One of the problems with a lot of the previous 4E supplements was that they were more focused on rules (crunch) rather than roleplaying. It is obvious WotC took that criticism to heart and turned the dial up to 11 with this setting for the roleplaying side of things. I've always been a fan of the Forgotten Realms setting, and this book feels like a comfortable blast from the past. It goes into great detail on fleshing out a city in turmoil.
The character themes takes a page from Pathfinder's factions. They essentially give each character an agenda outside of their role with the party. These can give a creative GM some interesting hooks and is a welcome addition. I can give or take the Bladesinger, but more options are always welcome. The Gazetteer section is very well done, bringing a lot of interesting detail and adventure hooks to the Neverwinter region.
The Factions and Foes are the meat of the book for GMs, and it is the only area where I find fault. There are five primary factions and numerous secondary factions, all vying for control of Neverwinter or the region. I guess the thinking was "if one is good, ten are better", but I think they achieved overkill in this case. A DM is going to have to decide on the one or two factions they want to deal with, or the campaign would become overwhelming. If you incorporate all them, it will almost seem that everyone the party meets is going to have a hidden agenda. Excess paranoia can jade the party and ruin the fun.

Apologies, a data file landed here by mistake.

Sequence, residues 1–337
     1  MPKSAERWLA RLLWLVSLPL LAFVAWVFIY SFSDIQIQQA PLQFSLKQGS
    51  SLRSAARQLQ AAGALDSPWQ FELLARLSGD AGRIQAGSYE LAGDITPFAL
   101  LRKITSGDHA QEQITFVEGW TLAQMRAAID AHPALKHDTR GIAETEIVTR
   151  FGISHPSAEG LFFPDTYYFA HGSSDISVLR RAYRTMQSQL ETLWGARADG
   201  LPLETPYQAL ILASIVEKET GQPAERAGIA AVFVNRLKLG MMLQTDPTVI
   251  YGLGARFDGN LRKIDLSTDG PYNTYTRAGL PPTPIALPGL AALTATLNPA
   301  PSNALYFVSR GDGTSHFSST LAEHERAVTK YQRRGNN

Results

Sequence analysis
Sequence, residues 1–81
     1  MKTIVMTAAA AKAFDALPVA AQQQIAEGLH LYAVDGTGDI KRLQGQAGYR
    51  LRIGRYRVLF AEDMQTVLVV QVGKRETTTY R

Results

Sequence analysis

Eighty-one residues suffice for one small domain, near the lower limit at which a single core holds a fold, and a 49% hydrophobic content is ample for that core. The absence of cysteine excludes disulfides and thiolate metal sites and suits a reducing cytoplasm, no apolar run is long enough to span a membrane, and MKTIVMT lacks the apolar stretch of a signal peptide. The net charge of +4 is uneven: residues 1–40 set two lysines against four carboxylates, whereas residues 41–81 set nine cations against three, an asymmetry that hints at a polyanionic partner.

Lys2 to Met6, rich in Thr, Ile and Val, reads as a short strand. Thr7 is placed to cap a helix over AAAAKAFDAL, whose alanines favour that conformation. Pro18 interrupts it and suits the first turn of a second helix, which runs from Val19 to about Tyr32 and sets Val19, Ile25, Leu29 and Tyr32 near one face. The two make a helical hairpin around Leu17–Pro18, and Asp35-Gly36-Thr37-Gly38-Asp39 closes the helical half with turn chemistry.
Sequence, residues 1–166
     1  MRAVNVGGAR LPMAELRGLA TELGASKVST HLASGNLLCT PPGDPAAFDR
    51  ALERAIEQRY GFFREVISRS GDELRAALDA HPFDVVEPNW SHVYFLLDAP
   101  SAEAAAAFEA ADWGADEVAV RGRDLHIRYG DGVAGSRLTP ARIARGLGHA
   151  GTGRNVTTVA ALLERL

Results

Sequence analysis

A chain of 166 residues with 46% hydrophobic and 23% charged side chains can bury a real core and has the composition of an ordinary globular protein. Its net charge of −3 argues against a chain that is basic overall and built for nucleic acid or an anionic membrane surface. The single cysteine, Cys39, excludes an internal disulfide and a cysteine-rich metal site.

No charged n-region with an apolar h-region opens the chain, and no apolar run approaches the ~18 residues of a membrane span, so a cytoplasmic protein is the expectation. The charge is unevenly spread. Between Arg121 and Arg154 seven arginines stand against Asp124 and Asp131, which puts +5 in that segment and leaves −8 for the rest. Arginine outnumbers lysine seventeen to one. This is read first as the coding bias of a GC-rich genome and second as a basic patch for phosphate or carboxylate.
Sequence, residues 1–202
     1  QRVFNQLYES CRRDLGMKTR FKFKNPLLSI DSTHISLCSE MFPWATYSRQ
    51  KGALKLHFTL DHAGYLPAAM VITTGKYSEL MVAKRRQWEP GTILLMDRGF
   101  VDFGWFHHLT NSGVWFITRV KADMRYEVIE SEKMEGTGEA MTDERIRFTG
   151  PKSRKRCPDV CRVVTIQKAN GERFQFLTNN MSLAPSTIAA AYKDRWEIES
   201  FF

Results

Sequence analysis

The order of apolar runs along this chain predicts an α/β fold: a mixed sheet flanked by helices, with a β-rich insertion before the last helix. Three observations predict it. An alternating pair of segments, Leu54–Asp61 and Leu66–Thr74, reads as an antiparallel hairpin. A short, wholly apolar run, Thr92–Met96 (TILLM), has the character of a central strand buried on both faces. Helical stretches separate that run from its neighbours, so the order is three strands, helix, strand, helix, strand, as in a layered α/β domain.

So kudos to WotC on creating a great roleplaying supplement, but it still needs to be taken in moderation unless you and your party enjoy juggling so many competing agendas.